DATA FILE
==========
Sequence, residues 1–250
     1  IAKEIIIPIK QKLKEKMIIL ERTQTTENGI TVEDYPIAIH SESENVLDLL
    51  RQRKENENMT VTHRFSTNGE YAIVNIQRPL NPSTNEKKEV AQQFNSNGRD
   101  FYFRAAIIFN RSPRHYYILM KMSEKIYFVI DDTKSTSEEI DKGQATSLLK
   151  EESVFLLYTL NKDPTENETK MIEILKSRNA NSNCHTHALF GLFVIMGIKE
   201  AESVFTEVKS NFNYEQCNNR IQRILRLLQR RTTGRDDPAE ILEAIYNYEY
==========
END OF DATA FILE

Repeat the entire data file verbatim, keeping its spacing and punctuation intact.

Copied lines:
Sequence, residues 1–250
     1  IAKEIIIPIK QKLKEKMIIL ERTQTTENGI TVEDYPIAIH SESENVLDLL
    51  RQRKENENMT VTHRFSTNGE YAIVNIQRPL NPSTNEKKEV AQQFNSNGRD
   101  FYFRAAIIFN RSPRHYYILM KMSEKIYFVI DDTKSTSEEI DKGQATSLLK
   151  EESVFLLYTL NKDPTENETK MIEILKSRNA NSNCHTHALF GLFVIMGIKE
   201  AESVFTEVKS NFNYEQCNNR IQRILRLLQR RTTGRDDPAE ILEAIYNYEY